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The Ladies of Ruh Global Working From Home13 min read

The Ladies of Ruh Global Working From Home

I never imagined much of the world would be telecommuting due to a pandemic.  Today obtaining a telework position is almost the norm compared to twenty years ago when I looked for very scarce work-at-home opportunities.  Recent data published by Global Workplace analytics and Iometrics shows that 97% of the people have worked from home during the pandemic and that overall performance has improved.

Since Ruh Global Impact is an international company with employees in four different continents, our colleagues work from home from all over the world.  Although teleworking isn’t a trend for us, the women of Ruh Global Impact would like to share how we manage our jobs from home during a world health crisis.

Each section has been authored by each team member respectively.

Debra Ruh is the CEO of Ruh Global IMPACT.  The UN President’s office invited Debra to address the United Nations General Assembly at the Conference of State Parties 9th session on May 13, 2016.  Selected as the North American representative for UN ILO Global Business and Disability Network (GBDN). US State Department global speaker and ambassador since 2018. Nominated as Global Goodwill Ambassador in 2018.  Author of three books, Inclusion Branding (available in English, Spanish, Arabic, and Voice via Audible), Tapping into Hidden Human Capital, and Finding Your Voice using Social Media.

Debra Ruh, CEO

Before becoming an entrepreneur, I was in the banking industry and always went to a corporate office.  When I started my first firm, TecAccess, in 2001, I began working from home.  I also realized that my social enterprise could find talented team members with disabilities if we all teleworked.  From the beginning, my companies have allowed 100% telework, also known as telecommuters, work from home, or virtual work. 

During my tenure as CEO and Founder of TecAccess, we invested in an office.  However, most of the team did not use it, and it turned out to be a bad investment.  Learning from that experience, Ruh Global IMPACT, my current firm, has always been 100% virtual.   Telework supports my company by opening up to global talent; it also allows my team members more flexibility.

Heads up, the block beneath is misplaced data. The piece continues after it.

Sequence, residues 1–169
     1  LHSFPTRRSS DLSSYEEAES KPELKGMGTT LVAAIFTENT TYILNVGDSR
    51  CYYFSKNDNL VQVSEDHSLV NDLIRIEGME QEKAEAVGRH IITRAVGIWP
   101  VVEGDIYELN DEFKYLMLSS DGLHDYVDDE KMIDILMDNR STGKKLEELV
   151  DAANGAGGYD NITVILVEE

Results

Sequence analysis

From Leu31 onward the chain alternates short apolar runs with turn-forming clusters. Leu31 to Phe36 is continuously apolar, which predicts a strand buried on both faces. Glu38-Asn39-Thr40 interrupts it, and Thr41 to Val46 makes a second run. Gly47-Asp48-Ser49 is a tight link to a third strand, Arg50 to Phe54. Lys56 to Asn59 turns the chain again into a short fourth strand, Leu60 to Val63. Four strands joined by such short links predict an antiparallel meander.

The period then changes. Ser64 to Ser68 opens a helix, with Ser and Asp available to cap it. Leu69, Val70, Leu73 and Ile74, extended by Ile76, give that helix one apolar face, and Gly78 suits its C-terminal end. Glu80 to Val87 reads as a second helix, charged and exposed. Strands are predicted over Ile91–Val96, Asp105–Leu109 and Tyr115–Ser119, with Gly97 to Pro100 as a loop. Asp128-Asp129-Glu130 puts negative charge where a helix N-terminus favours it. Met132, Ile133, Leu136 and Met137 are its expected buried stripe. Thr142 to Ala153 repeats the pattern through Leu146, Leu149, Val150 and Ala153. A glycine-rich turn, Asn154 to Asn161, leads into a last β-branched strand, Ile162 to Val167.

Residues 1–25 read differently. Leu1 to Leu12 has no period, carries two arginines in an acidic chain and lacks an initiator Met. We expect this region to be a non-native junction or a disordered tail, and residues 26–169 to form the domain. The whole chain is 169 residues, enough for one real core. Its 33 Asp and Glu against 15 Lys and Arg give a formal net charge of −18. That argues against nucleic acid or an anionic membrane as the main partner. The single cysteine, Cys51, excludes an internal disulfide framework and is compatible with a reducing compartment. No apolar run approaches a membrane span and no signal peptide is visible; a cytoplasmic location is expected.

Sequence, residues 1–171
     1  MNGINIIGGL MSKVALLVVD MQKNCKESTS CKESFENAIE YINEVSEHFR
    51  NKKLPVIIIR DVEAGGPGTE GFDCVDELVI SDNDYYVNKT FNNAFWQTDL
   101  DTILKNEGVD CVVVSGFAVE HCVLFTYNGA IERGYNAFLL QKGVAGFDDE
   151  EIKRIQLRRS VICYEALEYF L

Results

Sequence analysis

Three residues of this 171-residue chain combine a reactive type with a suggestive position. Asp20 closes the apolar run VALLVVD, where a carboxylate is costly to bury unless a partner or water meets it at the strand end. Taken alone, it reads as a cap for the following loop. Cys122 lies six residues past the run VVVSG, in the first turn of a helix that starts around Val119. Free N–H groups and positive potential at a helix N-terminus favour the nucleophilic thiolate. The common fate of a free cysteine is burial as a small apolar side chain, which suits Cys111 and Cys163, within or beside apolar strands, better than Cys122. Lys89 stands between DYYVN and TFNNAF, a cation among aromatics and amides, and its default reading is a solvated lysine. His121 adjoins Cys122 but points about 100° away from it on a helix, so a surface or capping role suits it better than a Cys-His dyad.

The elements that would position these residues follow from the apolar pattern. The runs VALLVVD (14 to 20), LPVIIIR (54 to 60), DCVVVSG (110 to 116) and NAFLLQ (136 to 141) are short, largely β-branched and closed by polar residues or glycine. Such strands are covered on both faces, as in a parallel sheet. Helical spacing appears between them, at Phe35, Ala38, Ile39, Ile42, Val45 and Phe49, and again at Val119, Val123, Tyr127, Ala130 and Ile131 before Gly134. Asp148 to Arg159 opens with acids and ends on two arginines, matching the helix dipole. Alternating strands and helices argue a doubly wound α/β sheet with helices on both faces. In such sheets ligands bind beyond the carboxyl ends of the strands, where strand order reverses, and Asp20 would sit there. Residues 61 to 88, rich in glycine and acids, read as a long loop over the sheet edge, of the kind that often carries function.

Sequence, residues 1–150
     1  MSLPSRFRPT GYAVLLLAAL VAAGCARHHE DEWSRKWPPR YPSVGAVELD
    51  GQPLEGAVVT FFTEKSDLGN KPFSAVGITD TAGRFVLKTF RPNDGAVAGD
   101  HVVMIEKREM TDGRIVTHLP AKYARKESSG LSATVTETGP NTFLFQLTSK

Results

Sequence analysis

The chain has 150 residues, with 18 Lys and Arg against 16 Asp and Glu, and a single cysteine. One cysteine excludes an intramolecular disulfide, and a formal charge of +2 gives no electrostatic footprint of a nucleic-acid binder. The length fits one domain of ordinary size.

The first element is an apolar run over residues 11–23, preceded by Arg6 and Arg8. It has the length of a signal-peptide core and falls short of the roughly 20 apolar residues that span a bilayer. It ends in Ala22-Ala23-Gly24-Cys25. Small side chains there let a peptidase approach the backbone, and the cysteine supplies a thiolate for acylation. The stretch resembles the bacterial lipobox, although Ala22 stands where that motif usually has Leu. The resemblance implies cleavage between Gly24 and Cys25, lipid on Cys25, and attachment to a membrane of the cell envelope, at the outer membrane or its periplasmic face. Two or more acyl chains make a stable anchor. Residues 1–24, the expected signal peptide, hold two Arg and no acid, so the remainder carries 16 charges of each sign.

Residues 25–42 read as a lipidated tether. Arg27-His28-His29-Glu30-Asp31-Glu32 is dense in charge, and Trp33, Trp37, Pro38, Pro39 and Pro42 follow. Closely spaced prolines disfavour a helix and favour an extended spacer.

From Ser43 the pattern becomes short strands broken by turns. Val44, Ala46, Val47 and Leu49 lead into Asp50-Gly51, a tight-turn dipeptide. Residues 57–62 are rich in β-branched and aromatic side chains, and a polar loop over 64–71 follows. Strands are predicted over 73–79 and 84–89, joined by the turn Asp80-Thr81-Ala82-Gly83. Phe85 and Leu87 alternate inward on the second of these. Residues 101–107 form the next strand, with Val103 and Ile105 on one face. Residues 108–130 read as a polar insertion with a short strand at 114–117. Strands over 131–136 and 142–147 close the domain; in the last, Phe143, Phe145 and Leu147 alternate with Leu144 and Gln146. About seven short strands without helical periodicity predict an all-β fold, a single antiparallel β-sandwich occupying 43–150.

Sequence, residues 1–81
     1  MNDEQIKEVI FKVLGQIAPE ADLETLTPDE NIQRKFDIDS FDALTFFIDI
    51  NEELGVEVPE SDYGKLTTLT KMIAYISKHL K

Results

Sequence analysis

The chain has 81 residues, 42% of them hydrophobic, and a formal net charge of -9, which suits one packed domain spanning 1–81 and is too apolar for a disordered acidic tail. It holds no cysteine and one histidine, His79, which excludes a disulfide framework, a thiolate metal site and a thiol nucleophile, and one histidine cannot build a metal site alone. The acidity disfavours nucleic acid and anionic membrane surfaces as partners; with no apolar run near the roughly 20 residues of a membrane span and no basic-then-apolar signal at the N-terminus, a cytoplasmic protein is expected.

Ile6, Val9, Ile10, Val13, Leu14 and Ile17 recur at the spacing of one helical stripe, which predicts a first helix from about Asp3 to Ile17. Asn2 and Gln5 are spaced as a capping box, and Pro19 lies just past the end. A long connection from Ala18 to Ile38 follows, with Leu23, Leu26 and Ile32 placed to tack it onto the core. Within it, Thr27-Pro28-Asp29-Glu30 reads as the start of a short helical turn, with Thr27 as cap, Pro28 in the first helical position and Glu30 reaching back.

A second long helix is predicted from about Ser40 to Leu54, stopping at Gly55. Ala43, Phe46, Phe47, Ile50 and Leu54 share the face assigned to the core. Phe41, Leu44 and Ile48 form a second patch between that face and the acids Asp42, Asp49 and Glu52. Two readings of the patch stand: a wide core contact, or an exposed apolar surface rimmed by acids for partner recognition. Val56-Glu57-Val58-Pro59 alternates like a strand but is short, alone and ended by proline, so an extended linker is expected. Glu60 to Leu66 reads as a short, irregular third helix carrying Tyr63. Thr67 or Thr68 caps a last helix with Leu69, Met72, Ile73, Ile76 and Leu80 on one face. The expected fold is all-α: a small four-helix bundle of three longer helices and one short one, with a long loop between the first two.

Telework has also been a gift to me personally.  As I have lived my life during these last 20 years as an entrepreneur, my life and family have changed.  My daughter Sara, now age 33, born with Down syndrome, went through a significant health challenge in 2018 that caused many hospital visits.  My husband Ed and I just celebrated our 38th wedding anniversary.  Sadly, my husband was hit by a drunk driver when he was 11 years old.  He died on the scene, but first responders revived him.  He was in a coma for about a week and a half and did not go back to school for months due to the seriousness of his Traumatic brain Injury (TBI) and other injuries.  He went on to attend some college, married, and have two exceptional children.  Unfortunately, his TBI caused his brain to age more aggressively, causing him to have late-stage dementia.  Having the flexibility to work from home has allowed me to support myself and my family during different chapters and stages of our lives.  

Since the Ruh Global IMPACT team already teleworked, it has been business as usual for us during the COVID-19 pandemic.  We did not have some of the terrible tech and communications problems that other companies had to experience.  When teams telework, it makes us better about policies by communicating and supporting a global team.  The communications tools like Zoom, Microsoft Meetings, Google Meet, SKYPE, Blue Jeans, WhatsApp, WeChat, and even social media platforms have made these issues much easier to manage.  I am proud of the team at Ruh Global IMPACT.  I highly recommend allowing your teams to telework.

Christina Block has been in sales and marketing for over 25 years.  She graduated from Old Dominion University with a BS in Business Administration and a concentration in Marketing.  She worked for Frito Lay for 13 years in sales, marketing and management.  Chris then worked in health care and social work supporting persons with disabilities and the elderly.

Christina Block, Operations Director

I am Ruh Global IMPACT’s Operations Manager.  I manage finances, operations, and other activities for the company.  I also provide support to Debra Ruh, the CEO of Ruh Global IMPACT, with several family members who have disabilities.  Both of our families are fortunate and blessed to live in the countryside where we can roam without masks or fear of breaking the “six-foot distance rule.”  Exercise from cutting grass has replaced my favorite social court sport (pickleball), and it gives me plenty of time to clear my head and relieve the stress of the day. 

I work out of my employer’s home office.  As a companion, I travel throughout our town masked and equipped with hand sanitizer to minimize our exposure and help to keep us safe from COVID 19.  Our trips out are for doctor’s appointments, grocery shopping, household errands, banking, mailing, dental visits, trips to the vet, as well as trips to the gym three times a week to keep everyone exercised.  The family has found the gym’s pool to be very therapeutic and relaxing.